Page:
6:5o p.m. Sept. 30: This story has been updated with additional statements by city officials on possible interpretations of the federal guidelines.

The federal government may only reimburse the city of El Paso for 30% of its busing costs to transport migrants out of the region – a cap that if not increased could put the city out millions of dollars.

City officials for weeks have sought to reassure the public that local payments for migrant care would be covered by the Federal Emergency Management Agency, but never mentioned that the reimbursement for transportation – by far the biggest cost of the city’s response – was capped at 30% of the “migrant population served.”

The city has allocated $6 million for charter bus services, possibly leaving taxpayers to foot $4.2 million, depending on interpretation of federal rules. As of Tuesday, the city had spent about $2.8 million in charter buses since late August. Depending on pending rulings from federal officials, only about $840,000 of that amount may currently be eligible for reimbursement from FEMA.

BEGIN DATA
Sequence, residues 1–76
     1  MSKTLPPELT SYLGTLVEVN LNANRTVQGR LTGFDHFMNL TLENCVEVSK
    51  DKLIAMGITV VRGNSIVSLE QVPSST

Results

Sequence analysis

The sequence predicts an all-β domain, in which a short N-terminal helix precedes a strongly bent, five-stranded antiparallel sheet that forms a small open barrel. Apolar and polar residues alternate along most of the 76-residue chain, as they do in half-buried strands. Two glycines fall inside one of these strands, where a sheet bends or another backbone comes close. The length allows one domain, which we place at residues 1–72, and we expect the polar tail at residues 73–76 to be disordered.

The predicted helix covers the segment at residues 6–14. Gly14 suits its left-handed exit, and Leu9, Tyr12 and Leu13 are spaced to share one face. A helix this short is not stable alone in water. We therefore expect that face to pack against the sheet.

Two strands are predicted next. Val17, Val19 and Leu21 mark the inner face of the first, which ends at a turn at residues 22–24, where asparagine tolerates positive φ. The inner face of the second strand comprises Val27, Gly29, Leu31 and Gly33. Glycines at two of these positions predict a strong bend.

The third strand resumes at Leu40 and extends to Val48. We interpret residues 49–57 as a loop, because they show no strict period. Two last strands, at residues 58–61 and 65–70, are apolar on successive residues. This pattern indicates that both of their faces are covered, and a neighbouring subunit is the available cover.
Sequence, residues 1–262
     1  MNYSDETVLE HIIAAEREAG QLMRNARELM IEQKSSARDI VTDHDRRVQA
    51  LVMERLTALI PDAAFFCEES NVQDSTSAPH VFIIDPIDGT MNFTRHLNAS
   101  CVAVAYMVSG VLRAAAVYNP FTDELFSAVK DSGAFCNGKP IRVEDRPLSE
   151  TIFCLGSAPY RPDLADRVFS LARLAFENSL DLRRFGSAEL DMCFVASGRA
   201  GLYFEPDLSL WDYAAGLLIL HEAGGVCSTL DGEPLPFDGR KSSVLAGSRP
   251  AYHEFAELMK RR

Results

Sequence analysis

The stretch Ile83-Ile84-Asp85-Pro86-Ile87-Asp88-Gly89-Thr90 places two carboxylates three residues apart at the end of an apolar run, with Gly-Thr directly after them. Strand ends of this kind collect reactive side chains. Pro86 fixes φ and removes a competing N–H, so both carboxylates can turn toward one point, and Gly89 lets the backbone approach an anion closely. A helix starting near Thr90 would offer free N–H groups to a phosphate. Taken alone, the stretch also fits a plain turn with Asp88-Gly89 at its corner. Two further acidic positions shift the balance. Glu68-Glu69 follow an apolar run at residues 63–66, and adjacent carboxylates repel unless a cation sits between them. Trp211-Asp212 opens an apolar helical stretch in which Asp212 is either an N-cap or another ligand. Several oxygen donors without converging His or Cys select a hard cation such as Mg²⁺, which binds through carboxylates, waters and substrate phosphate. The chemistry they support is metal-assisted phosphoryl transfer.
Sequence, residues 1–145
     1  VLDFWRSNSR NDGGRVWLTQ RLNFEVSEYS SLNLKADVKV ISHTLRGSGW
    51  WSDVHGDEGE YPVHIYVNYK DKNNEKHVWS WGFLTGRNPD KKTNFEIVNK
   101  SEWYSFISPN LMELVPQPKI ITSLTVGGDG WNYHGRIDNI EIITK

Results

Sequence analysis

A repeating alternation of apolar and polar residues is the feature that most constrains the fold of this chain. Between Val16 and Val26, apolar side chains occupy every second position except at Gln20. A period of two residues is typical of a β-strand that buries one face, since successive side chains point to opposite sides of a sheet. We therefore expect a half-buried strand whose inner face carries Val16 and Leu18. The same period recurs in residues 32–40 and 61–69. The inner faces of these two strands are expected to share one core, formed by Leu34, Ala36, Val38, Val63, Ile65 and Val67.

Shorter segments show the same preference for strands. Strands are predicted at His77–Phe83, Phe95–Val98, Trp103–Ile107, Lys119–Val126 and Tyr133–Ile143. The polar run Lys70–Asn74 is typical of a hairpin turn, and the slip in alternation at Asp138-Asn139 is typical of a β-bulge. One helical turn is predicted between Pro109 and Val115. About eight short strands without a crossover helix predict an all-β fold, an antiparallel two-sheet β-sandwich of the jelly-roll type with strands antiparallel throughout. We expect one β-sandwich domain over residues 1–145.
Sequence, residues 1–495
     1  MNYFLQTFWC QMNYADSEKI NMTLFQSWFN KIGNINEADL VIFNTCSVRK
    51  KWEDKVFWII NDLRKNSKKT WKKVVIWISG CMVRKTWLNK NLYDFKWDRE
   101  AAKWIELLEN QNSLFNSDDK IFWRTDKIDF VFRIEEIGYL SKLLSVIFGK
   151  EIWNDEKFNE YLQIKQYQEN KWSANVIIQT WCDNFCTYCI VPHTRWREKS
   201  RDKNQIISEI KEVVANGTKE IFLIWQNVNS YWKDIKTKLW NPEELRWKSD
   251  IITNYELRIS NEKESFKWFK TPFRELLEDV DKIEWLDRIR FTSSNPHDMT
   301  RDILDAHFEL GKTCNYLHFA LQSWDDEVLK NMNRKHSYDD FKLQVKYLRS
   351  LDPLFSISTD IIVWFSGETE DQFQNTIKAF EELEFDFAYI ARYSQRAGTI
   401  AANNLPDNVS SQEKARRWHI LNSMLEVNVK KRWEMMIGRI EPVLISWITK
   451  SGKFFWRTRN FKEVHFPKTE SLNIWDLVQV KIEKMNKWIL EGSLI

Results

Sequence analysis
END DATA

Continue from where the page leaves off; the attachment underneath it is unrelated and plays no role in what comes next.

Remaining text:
“They seem willing to provide the flexibility that we need to make sure that we get reimbursed,” said Robert Cortinas, the city’s chief financial officer, referring to members of the federal program that’s funding some of the migrant costs.

As a “very last resort,” he said, the city could use money from the American Rescue Plan Act intended for COVID-19 relief or possibly from its general fund reserve, which now stands at $150 million and is designed to help the city respond to unexpected issues or emergencies.

“We continuously talk about how these funds should be used for emergencies,” Cortinas said about why the reserve fund isn’t tapped into for everyday city expenses. “This would be one.”